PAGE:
RAF1 gene

Raf-1 proto-oncogene, serine/threonine kinase

The RAF1 gene provides instructions for making a protein that is part of a signaling pathway called the RAS/MAPK pathway, which transmits chemical signals from outside the cell to the cell's nucleus. RAS/MAPK signaling helps control the growth and division (proliferation) of cells, the process by which cells mature to carry out specific functions (differentiation), cell movement (migration), and the self-destruction of cells (apoptosis).

The RAF1 gene belongs to a class of genes known as oncogenes. When mutated, oncogenes have the potential to cause normal cells to become cancerous.

More than 25 mutations causing Noonan syndrome have been identified in the RAF1 gene. Noonan syndrome is characterized by mildly unusual facial characteristics, short stature, heart defects, bleeding problems, skeletal malformations, and many other signs and symptoms. The RAF1 gene mutations change single protein building blocks (amino acids) in the RAF1 protein. These changes increase protein activity and disrupt the regulation of the RAS/MAPK signaling pathway causing problems with cell division, apoptosis, cell differentiation, and cell migration. Researchers believe that this disruption in normal cell processes plays a role in the signs and symptoms of Noonan syndrome, specifically cardiac abnormalities. It has been noted that people with Noonan syndrome caused by a RAF1 gene mutation have a greater incidence of heart defects than other people with Noonan syndrome, specifically a condition called hypertrophic cardiomyopathy, which is a thickening of the heart muscle that forces the heart to work harder to pump blood.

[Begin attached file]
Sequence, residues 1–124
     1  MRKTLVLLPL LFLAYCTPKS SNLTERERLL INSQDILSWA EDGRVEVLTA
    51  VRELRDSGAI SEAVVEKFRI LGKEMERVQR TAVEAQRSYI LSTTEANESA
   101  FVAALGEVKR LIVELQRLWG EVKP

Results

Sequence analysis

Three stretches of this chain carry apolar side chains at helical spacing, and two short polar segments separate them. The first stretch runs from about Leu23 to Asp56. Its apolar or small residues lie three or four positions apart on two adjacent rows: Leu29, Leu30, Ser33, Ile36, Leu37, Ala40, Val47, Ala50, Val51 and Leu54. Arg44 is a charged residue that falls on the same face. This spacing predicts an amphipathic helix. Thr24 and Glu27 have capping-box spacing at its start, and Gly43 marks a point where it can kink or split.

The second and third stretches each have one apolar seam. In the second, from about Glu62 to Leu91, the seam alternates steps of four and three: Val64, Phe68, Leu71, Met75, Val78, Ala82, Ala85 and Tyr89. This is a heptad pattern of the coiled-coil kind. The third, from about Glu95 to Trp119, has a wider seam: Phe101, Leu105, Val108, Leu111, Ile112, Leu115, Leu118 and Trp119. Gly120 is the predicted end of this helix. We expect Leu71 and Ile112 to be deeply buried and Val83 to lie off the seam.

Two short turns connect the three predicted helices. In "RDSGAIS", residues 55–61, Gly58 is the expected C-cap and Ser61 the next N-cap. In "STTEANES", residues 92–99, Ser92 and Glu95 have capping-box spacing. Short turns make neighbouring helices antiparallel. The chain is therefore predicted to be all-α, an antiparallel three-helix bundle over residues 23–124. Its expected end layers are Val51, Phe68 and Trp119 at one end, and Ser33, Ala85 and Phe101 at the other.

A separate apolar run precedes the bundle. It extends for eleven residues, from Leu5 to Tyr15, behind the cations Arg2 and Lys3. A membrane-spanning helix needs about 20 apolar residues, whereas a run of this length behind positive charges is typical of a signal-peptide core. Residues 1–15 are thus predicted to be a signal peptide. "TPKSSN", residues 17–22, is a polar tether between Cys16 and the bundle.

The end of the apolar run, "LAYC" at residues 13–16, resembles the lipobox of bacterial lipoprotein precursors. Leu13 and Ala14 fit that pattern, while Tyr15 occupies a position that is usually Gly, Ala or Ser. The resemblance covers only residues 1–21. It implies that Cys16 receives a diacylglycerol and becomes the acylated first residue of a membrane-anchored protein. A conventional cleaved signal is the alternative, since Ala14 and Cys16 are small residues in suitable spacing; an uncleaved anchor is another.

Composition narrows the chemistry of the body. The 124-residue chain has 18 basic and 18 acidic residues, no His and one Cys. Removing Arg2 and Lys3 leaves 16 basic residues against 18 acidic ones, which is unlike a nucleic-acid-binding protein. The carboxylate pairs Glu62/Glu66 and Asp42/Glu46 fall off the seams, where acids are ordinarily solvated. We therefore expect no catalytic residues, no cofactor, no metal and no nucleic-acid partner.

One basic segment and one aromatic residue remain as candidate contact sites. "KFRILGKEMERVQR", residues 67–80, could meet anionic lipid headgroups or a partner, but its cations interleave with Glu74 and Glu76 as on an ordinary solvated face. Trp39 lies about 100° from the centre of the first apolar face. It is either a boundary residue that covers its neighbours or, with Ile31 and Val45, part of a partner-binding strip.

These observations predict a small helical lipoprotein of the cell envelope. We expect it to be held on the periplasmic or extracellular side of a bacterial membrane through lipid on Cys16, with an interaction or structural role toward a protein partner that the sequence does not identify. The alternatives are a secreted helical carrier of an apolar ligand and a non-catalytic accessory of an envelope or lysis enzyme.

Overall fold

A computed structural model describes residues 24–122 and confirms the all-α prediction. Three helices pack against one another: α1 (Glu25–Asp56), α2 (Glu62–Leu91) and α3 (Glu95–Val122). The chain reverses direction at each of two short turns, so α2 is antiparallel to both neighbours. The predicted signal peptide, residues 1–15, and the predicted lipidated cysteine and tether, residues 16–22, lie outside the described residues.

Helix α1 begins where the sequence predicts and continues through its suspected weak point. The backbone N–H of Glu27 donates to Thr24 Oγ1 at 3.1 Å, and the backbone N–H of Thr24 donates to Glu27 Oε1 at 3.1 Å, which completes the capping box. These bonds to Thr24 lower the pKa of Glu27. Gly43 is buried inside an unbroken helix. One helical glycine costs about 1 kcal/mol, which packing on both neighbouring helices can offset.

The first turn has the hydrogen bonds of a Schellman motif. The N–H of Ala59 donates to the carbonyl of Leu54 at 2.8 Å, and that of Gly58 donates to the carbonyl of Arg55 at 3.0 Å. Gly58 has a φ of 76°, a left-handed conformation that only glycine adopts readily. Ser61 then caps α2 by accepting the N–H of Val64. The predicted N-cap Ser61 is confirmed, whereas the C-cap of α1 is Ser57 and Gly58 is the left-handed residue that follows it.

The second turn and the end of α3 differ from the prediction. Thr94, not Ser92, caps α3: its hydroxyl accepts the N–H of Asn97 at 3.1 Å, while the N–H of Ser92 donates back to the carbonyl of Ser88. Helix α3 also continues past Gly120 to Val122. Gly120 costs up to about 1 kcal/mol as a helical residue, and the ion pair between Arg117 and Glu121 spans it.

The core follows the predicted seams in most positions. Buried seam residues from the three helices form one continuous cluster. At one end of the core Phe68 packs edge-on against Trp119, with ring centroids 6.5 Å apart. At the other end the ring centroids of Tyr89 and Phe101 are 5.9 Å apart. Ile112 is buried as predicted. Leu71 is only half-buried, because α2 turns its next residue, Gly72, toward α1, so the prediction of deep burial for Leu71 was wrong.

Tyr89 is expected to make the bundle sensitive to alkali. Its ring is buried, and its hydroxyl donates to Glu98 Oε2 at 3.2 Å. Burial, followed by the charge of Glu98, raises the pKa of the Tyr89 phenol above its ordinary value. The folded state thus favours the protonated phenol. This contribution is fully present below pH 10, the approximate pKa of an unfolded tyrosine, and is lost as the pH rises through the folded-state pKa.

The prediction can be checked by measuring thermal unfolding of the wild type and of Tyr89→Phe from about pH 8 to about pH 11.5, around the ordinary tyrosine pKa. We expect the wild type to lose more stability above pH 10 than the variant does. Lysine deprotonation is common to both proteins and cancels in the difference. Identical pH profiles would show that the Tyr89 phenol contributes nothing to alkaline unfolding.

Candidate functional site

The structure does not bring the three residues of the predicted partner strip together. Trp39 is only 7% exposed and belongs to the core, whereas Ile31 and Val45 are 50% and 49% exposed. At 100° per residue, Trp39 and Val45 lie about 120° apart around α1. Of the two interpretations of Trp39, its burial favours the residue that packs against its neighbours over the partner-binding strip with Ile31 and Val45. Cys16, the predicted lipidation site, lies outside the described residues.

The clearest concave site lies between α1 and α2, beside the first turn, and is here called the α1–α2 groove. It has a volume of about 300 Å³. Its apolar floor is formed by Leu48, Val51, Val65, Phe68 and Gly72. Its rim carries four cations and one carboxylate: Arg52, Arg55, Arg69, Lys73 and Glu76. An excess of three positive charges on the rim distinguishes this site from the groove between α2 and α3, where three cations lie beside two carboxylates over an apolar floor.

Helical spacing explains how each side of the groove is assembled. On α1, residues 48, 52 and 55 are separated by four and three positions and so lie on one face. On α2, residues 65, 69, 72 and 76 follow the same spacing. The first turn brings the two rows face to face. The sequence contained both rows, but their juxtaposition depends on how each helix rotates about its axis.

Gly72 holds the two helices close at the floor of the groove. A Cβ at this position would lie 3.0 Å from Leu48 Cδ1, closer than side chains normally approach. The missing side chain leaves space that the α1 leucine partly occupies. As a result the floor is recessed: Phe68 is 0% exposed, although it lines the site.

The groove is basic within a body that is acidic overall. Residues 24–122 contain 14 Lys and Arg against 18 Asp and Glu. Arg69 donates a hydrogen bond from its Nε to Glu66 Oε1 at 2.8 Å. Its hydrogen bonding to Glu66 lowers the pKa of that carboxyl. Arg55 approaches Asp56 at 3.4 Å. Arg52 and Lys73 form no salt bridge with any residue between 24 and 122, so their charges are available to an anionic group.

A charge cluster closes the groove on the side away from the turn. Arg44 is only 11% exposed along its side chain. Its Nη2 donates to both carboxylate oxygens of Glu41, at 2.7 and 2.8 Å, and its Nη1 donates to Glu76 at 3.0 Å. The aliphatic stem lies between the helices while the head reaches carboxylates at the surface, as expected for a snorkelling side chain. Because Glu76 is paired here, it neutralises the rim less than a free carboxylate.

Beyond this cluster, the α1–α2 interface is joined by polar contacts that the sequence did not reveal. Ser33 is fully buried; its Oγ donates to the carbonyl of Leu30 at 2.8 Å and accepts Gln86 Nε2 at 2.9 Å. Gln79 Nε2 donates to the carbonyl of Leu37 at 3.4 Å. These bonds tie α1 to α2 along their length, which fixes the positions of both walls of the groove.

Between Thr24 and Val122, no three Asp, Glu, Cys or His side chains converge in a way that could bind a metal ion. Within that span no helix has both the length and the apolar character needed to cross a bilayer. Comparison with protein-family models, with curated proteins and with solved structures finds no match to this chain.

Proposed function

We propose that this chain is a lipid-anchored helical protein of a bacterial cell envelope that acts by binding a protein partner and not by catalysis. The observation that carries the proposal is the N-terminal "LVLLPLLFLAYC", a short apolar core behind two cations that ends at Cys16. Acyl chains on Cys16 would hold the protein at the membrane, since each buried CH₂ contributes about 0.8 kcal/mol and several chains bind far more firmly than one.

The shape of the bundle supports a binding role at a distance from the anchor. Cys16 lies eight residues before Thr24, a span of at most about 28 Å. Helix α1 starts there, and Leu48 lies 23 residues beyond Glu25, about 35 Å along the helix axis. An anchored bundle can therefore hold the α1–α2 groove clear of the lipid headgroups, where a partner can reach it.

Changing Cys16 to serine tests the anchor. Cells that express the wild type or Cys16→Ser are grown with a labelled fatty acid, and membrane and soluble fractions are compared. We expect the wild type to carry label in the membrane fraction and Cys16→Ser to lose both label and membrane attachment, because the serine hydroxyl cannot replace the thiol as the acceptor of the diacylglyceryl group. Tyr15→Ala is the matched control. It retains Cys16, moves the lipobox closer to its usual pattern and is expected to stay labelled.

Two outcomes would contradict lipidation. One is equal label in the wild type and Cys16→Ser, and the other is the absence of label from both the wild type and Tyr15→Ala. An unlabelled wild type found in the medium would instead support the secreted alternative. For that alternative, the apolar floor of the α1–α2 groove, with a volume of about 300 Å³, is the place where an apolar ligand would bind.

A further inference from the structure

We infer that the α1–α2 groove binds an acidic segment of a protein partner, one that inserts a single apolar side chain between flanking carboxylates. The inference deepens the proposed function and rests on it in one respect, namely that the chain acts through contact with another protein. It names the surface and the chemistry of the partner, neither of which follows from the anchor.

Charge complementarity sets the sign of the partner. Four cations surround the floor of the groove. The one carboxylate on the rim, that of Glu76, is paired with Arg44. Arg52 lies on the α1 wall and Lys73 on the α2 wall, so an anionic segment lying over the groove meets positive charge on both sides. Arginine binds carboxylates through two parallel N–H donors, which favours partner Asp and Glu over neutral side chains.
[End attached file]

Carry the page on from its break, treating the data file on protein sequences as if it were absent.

At least two mutations in the RAF1 gene have been found to cause Noonan syndrome with multiple lentigines (formerly called LEOPARD syndrome). This condition is characterized by multiple brown skin spots (lentigines), heart defects, short stature, a sunken or protruding chest, and distinctive facial features. The RAF1 gene mutations change single amino acids in the RAF1 protein: One mutation replaces the amino acid serine with the amino acid leucine at position 257 (written Ser257Leu or S257L) and the other mutation replaces the amino acid leucine with the amino acid valine at position 613 (written Leu613Val or L613V).

The RAF1 gene changes that cause Noonan syndrome with multiple lentigines are believed to abnormally activate the RAF1 protein, which disrupts the regulation of the RAS/MAPK signaling pathway that controls cell functions such as growth and division. This misregulation can result in the various features of Noonan syndrome with multiple lentigines.

Some gene mutations are acquired during a person's lifetime and are present only in certain cells. These changes are called somatic mutations and are not inherited. Somatic mutations in the RAF1 gene are involved in the development of several types of cancer. These mutations lead to a RAF1 protein that is always active and can direct cells to grow and divide uncontrollably. Studies suggest that RAF1 gene mutations may be found in ovarian, lung, and colorectal cancers. Somatic mutations in the RAF1 gene are a rare cause of cancer.

For reasons that are unclear, inherited mutations in the RAF1 gene do not appear to increase the risk of cancer in people with Noonan syndrome with multiple lentigines or Noonan syndrome.

Cytogenetic Location: 3p25.2, which is the short (p) arm of chromosome 3 at position 25.2

Molecular Location: base pairs 12,583,601 to 12,664,201 on chromosome 3 (Homo sapiens Annotation Release 108, GRCh38.p7) (NCBI)

Cytogenetic Location: 3p25.2, which is the short (p) arm of chromosome 3 at position 25.2
  • c-Raf
  • CRAF
  • Oncogene RAF1
  • Raf-1
  • raf proto-oncogene serine/threonine protein kinase
  • RAF1_HUMAN